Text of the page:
Willgerodt wants her students to focus on obtaining the practical skill-sets in various nursing positions that will help them apply to their “dream jobs” in the future.

“What I have always told the students I teach every year is that they might not necessarily get the first-choice jobs that they want, and that they may have to look at previous experiences and frame them in such a way that highlights the skills and the strengths that they have to apply into a nursing job,” Willgerodt said. “But you have to be willing to move, be willing to work nights, and be willing to work in underserved rural areas.”

As the economic downturn exacerbates economic disparities, nursing shortages are increasingly prevalent in these rural areas, nationwide and worldwide.

Regardless of the status of the job market, Willgerodt wants her students to gain experience as nurse technicians because it will allow them to develop their assessment and critical-thinking skills. Willgerodt emphasized employers are seeking students who have had a variety of work experiences.

“They don’t necessarily care about the setting in which you worked but more about what kinds of skills you learned in that job,” Willgerodt said.

With the education they are receiving through one of the nation’s top nursing schools, both Buenavista and Eaker are confident they will be well-prepared for whatever the future brings.

“I know right now, as a first-year nursing student, you will always be worried about post-graduate at a respective level,” Buenavista said. “I am pretty confident that I will be able to successfully receive an education that will advance my career. … I definitely learned a lot more than what I was expecting.”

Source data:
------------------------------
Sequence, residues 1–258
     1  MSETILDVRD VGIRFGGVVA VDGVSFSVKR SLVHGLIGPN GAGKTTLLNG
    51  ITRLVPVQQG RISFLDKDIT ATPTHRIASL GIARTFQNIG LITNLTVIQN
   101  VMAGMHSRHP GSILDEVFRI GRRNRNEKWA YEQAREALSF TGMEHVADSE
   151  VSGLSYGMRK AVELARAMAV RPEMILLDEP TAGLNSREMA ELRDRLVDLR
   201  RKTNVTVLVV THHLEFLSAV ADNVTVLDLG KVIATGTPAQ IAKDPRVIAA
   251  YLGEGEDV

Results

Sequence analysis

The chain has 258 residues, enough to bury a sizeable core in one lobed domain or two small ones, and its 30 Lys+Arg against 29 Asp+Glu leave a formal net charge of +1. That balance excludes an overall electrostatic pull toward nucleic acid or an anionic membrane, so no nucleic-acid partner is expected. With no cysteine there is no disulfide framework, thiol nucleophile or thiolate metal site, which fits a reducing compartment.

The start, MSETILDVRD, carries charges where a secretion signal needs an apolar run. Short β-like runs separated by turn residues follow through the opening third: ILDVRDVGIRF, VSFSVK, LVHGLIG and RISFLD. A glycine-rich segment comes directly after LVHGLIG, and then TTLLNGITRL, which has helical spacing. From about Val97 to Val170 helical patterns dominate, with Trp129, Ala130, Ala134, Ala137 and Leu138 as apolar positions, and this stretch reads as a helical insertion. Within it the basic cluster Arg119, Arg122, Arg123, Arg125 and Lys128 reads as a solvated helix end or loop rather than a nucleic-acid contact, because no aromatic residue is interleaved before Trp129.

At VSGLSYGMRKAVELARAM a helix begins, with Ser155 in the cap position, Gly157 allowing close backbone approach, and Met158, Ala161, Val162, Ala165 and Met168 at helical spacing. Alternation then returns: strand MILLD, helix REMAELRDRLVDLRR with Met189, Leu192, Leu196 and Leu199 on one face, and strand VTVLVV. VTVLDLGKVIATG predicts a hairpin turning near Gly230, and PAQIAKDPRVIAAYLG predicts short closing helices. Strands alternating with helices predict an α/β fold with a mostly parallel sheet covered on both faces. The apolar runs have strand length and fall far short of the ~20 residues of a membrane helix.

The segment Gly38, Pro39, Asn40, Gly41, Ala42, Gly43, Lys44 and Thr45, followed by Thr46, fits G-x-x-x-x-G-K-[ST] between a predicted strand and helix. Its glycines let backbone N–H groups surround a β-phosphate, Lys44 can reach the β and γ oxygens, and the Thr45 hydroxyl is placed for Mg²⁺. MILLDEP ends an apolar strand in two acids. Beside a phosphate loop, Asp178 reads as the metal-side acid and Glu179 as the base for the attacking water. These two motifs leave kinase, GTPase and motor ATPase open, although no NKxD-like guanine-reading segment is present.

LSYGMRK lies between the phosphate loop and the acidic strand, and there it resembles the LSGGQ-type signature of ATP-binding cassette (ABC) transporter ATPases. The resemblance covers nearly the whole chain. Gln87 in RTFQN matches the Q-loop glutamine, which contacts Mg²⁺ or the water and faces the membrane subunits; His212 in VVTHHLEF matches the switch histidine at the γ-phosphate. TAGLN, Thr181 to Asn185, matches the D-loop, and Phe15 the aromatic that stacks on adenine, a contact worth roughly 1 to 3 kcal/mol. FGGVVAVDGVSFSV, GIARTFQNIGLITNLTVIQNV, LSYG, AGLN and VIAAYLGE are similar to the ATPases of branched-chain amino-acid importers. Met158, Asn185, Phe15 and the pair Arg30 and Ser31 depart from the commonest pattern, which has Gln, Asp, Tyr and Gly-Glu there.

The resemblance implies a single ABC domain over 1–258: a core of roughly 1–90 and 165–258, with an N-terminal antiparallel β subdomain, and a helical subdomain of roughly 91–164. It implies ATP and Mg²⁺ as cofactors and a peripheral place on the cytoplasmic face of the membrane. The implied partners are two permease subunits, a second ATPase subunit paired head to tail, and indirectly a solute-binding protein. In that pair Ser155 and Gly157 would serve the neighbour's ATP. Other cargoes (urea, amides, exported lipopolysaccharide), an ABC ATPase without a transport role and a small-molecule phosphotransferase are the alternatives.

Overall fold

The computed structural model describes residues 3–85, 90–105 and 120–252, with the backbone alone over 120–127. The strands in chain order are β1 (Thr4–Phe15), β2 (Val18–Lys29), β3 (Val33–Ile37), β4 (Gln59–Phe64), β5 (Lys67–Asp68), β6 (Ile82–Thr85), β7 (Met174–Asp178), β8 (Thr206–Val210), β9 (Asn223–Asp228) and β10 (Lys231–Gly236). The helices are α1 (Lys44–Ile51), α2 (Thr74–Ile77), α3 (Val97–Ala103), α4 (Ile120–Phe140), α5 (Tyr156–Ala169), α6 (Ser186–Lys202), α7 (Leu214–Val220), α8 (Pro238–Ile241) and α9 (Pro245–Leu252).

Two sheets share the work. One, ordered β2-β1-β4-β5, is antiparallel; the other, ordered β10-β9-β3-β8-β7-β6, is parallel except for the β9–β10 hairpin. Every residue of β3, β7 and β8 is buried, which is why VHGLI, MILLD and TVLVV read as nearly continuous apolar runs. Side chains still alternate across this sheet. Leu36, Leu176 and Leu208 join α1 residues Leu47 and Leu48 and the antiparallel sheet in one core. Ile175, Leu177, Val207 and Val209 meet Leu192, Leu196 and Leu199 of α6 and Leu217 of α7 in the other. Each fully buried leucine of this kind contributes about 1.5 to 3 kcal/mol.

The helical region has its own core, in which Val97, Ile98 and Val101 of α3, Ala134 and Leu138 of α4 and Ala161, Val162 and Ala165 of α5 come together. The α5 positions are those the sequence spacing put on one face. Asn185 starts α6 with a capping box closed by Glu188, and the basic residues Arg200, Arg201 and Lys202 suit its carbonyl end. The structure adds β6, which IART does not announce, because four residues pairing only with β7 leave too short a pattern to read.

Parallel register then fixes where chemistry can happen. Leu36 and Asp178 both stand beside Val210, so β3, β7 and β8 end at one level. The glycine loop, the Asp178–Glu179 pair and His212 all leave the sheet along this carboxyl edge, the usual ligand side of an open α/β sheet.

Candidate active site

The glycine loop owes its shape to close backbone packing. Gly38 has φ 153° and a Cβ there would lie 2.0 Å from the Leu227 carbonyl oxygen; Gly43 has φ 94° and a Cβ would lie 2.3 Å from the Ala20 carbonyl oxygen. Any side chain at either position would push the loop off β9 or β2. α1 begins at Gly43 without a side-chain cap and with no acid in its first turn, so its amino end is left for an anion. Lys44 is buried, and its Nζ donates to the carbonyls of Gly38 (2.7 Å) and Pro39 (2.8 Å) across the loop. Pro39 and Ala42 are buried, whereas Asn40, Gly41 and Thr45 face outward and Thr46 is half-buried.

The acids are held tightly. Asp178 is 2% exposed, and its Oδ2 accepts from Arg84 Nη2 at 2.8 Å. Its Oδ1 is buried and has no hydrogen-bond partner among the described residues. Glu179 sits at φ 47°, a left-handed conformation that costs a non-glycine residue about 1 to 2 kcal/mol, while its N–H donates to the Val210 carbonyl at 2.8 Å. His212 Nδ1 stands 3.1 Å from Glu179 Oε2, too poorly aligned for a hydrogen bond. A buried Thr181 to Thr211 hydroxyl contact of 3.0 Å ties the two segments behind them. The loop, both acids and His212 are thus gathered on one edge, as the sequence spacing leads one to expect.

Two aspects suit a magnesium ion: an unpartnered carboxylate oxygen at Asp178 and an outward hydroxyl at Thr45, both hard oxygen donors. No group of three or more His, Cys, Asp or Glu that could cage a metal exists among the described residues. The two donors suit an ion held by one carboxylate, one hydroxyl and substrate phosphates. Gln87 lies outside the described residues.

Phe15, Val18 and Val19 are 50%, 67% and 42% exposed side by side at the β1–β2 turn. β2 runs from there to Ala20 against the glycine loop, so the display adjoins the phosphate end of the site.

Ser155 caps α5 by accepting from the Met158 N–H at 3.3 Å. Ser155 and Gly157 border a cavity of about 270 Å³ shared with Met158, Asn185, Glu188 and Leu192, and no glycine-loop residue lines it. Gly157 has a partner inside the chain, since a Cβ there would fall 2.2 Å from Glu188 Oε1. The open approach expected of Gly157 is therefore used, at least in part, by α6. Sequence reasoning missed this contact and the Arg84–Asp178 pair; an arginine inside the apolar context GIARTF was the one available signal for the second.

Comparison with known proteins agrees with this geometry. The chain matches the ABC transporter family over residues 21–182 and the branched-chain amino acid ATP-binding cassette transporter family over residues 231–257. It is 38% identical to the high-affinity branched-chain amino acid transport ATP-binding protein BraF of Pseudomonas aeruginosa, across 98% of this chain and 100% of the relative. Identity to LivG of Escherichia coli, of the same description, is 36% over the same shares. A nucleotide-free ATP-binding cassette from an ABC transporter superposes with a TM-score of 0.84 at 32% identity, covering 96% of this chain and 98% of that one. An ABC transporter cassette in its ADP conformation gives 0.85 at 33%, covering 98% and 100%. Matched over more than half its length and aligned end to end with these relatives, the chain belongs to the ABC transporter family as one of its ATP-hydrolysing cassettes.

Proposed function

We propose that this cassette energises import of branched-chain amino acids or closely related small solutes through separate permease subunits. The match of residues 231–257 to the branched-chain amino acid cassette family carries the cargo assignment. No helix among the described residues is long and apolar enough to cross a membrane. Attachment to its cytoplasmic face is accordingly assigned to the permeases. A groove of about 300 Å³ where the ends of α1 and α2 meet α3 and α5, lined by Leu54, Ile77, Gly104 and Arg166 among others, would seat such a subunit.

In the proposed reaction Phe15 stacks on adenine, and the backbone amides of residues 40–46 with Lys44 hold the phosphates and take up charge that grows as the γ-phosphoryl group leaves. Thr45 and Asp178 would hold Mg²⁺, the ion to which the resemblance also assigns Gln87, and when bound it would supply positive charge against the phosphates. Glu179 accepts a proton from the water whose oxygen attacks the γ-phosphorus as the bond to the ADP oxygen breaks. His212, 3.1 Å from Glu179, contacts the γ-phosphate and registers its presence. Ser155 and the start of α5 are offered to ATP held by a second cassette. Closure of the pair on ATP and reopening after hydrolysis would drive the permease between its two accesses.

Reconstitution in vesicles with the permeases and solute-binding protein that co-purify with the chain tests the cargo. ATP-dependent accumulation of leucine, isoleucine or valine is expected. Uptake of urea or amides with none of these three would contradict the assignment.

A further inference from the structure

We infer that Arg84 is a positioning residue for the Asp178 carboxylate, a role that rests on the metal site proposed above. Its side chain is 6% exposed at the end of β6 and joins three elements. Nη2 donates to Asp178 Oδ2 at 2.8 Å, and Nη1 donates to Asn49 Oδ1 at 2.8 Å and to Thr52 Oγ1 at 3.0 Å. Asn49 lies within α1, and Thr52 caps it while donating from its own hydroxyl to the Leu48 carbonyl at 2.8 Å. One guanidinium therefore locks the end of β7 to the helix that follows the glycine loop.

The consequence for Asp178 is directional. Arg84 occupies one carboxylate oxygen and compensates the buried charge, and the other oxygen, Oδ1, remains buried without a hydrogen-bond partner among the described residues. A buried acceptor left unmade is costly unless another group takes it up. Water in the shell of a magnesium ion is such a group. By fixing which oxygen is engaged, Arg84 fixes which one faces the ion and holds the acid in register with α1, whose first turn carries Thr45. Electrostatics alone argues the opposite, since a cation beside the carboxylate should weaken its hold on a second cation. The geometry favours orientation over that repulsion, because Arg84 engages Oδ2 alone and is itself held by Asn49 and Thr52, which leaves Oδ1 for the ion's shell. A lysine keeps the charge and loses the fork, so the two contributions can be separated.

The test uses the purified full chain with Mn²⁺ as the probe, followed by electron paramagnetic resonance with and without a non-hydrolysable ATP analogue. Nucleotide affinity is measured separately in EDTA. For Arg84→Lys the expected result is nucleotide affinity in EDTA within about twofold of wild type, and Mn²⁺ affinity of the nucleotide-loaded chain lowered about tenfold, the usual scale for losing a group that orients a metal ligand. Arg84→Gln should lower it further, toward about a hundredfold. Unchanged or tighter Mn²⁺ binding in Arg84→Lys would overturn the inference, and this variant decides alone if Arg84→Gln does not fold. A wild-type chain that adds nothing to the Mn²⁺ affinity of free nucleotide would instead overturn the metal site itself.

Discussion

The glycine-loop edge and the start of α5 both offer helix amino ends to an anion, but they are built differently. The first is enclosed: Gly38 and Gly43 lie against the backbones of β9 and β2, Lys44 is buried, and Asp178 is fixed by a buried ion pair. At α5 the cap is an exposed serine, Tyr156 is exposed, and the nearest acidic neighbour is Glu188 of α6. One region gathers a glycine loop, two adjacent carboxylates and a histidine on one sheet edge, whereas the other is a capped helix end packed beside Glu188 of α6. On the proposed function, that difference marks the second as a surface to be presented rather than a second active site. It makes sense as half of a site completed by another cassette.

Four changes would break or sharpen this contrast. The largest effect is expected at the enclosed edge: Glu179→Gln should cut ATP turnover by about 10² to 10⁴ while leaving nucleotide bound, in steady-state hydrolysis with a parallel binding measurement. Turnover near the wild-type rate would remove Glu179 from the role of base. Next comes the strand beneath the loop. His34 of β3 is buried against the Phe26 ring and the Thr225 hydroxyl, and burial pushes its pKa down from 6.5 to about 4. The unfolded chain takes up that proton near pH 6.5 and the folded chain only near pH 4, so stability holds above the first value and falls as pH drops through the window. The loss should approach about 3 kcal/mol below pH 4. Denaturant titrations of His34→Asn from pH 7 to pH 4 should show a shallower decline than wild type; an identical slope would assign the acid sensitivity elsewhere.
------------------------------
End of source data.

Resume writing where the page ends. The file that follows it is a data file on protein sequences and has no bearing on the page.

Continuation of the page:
Eaker said she looks at any opportunity with optimism and knows it will benefit her in the long run.

“I feel like any experience is good experience, so this might push me to enter into something else that I like, and I might fall in love with something I didn’t even think I would have even considered,” Eaker said. “It kind of gives me a reason to be a little adventurous.”

Willgerodt wants her students to walk away knowing they have chosen a great profession and that they will make a difference in people’s lives, regardless of the speculated decline in nursing positions.

“At the end of the day, we want our graduates to have a great education so they are able to be excellent nurse clinicians, scholars, and leaders,” Willgerodt said. “How we go about doing that is something that we continue to work on.”

Reach reporter Katherin Loh at features@dailyuw.com. Twitter: @KEL_2138